A rising tide used to lift all boats (JFK said that). Not in the past generation. We are being scammed by the really rich through their employees, the Republican elected officials.

Also we need to lower health care costs. People hate this truth: one thing we must do is fix many health costs. Almost all countries outlaw prices higher than certain amounts. We also can greatly improve efficiency.

We should cancel some student loans when incomes are too low to afford repayment. Maybe student loan repayment should be capped to x percent of taxable income per year with the percent lower for lower income.

And a bonus fourth proposal : tax breaks for businesses which set up apprentice programs for those in school. That can provide good jobs for working class people down the line and make our businesses more competitive.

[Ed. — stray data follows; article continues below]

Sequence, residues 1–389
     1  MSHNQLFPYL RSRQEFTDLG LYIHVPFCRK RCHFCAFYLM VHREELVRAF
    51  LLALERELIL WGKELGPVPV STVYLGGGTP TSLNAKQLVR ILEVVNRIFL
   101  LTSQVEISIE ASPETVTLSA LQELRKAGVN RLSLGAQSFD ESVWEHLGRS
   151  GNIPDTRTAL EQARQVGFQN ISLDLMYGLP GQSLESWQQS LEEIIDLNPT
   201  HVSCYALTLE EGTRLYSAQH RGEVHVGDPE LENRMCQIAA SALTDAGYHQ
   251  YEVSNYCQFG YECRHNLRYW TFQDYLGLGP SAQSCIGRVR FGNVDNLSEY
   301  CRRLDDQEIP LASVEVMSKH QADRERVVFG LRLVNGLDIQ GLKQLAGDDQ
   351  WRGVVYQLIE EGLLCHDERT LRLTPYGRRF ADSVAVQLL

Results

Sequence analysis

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Response to Cicada (Reply #7)

Thu Aug 24, 2017, 07:33 PM

12. Yes on all counts!

Universal Heath Care makes economic sense. How can our companies compete with companies who don't have that nut on their bottom line. Not to mention I love and respect everyone I meet! They deserve a healthy life! It's a synergetic decision. People undoubtedly make better decisions when they are healthy.

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Response to mjvpi (Original post)

Thu Aug 24, 2017, 07:10 PM

8. Universal Health Care must be front and center too.